LILLIAN CROOK: WildDakotaWoman — Glen Campbell And Other Musings

When I was a little girl, Glen Campbell’s “Wichita Lineman” was a big hit on AM radio. Somehow, because my father had been a lineman in Mississippi in the time period after World War II  I got confused and for a little while and was pretty sure he and Glen Campbell were one and the same person. I eventually got this sorted out and understood the truth, but I’m still rather fond of the song.

Other musings: This photo was a happy reminder for me of a past hike, taken five years ago today. I so love Theodore Roosevelt National Park that I’ll climb the tall bison fence to get into the backcountry. My husband took this photo. My sister, Sarah, joined us for the hike and just as nimbly clambered over that fence.

Garden news is that I planted the hosta seed I’ve been harvesting. We’ll see what happens. A seed can be magic, a miracle in the palm of my hand.

On the way to pick up supplies at the grocery store, I spotted this sign. Good sentiment.

Other tiny seeds have turned this summer to these beauties.

In the kitchen, I’m converting the bounty to yellow tomato lime sorbet and listening to Campbell’s last release as I putter.

 

Adios, indeed, Mr. Campbell.

TERRY DULLUM: The Dullum File — Glen Campbell

After a long struggle with Alzheimers disease, Glen Campbell died this week at the age of 81.

Of all the celebrity interviews I’ve done, the two I did with Glen Campbell are among my very favorite. For openers, it’s always as surprise that a star of his caliber was willing to talk with little, old me.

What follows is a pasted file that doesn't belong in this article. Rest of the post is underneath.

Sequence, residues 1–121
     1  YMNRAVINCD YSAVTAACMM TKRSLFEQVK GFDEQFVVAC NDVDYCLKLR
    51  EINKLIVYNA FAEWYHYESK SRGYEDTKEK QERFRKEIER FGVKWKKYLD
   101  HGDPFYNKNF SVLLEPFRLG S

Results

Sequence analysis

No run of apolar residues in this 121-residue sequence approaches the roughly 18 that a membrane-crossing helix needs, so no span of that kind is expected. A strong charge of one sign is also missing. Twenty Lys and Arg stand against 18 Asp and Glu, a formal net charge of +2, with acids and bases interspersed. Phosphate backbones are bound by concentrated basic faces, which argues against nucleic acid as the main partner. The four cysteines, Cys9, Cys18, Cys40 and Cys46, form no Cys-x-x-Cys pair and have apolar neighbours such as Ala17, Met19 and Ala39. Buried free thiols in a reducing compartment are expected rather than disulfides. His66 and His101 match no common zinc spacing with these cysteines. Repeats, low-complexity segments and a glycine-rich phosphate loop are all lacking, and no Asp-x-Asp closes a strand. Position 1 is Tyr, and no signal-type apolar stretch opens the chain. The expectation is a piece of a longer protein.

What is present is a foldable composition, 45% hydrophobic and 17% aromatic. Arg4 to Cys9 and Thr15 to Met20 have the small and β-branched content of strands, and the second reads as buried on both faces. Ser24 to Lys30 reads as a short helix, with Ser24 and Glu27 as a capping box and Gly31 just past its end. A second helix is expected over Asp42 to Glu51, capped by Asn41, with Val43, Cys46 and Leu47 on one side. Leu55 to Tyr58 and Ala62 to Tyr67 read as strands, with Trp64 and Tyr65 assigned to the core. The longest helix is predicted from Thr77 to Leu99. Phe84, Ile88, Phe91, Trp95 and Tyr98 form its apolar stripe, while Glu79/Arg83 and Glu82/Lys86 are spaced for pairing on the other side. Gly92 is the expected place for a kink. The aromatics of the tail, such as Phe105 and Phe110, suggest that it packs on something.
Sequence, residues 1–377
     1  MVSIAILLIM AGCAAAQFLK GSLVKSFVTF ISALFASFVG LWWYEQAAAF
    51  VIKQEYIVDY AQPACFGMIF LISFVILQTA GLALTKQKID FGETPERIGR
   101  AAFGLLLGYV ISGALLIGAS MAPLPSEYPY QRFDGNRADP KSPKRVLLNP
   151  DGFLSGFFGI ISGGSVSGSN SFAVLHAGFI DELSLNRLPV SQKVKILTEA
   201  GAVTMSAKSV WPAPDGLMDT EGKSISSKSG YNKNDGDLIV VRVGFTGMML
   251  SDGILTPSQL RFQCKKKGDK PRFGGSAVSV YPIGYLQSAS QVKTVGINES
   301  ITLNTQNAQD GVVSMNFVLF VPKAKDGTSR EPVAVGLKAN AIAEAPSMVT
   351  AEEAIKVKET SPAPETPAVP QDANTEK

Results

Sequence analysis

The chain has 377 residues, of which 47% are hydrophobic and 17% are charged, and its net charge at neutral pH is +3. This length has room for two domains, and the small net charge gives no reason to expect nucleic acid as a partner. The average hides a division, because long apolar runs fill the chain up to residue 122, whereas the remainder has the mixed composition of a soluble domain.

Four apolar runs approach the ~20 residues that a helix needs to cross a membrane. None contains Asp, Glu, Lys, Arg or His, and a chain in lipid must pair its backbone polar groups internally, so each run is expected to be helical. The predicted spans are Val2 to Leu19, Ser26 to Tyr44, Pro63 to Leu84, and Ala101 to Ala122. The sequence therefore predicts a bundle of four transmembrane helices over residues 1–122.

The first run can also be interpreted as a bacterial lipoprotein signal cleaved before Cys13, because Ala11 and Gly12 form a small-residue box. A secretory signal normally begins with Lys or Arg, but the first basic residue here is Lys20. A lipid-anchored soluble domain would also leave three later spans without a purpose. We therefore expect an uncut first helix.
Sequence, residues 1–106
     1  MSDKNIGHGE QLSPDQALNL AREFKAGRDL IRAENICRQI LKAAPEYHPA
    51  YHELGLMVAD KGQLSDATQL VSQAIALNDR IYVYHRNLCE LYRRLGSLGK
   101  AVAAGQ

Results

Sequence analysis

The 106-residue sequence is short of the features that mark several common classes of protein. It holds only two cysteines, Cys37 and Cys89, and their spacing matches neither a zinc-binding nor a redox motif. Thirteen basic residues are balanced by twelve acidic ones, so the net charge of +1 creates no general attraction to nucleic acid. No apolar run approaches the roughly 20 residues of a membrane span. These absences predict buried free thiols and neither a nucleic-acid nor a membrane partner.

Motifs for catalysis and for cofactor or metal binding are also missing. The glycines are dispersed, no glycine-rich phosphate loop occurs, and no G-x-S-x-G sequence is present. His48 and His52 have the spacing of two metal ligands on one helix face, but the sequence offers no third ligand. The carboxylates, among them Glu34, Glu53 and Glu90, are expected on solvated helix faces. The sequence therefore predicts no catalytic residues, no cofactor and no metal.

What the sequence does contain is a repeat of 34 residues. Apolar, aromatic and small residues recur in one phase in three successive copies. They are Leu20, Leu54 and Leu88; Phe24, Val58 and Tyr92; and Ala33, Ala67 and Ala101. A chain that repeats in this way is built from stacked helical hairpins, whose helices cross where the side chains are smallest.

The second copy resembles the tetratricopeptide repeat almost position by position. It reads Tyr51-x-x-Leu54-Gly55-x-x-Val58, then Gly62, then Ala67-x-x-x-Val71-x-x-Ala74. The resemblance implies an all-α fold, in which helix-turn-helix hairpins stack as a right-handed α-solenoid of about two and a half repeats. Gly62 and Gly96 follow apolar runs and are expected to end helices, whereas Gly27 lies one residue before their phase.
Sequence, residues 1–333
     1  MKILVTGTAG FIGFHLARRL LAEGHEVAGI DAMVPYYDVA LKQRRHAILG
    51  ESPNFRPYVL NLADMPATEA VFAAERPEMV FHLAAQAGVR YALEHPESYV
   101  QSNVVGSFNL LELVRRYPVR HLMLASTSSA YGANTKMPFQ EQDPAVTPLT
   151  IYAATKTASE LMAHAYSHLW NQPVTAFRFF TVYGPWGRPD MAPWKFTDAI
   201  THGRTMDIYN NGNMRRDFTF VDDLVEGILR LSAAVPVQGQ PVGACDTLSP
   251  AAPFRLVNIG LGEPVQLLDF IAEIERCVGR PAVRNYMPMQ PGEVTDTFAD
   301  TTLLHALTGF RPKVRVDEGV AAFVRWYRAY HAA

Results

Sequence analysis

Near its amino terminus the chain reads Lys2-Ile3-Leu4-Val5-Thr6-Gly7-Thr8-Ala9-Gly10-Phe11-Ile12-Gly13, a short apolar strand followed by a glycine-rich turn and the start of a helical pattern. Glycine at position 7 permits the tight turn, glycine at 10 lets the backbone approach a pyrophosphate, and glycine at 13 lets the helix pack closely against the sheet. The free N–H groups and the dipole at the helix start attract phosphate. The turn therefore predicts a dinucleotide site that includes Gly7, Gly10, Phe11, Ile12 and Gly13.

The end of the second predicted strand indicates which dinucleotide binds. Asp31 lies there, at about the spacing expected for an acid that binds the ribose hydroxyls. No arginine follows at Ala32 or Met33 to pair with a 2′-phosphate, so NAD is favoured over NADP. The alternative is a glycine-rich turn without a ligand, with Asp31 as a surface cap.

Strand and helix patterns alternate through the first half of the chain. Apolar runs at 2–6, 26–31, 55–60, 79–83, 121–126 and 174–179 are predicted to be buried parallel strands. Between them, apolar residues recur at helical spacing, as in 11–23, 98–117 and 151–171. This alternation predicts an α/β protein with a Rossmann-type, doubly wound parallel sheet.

For some reason, the first interview we did with him took place fairly early in the morning in advance of a show that night in Chester Fritz Auditorium in Grand Forks. Perhaps he wanted to hit the golf course, I don’t know.

After the interview, he invited us to have breakfast with him at the Holiday Inn coffee shop. I headed for a table in the middle of the room. But he said, “Let’s sit over here.” A table in the corner where he sat with his back to the room. I remember thinking that’s what fame is. Avoiding too much attention.

Having breakfast with Glen Campbell is not the worst way to start a day. He was especially proud of the lineup of his show that night, which included John Hartford, who wrote one of his biggest hits “Gentle on My Mind.” Also now gone. And Jim “Spiders & Snakes” Stafford,  another fine entertainer, very much alive in Branson, Mo.

The show was incredible. Did Glen Campbell ever do a bad one?

A couple of weeks later when tour was over, I got a handwritten note thanking me for the interview. Pure class.

Years later, I talked with him live on television when he was appearing at the Spirit Lake Casino near Devils Lake.

MTV had just aired a “warts and all” Behind the Music documentary. The warts included his drug abuse and the very public spectacle that could only be described as his tramping around the country with Tanya Tucker. I had no choice but to ask him what it was like to have that sort of dirty laundry aired so publicly. Now clean and sober for many years, his nearly perfect answer, “I know what I did. It’s between me and my God.” Next question.

I will always admire Glen Campbell’s openness and honesty. His talent and showmanship speaks for itself. A wonderful voice. A tremendous guitarist. A truly great entertainer.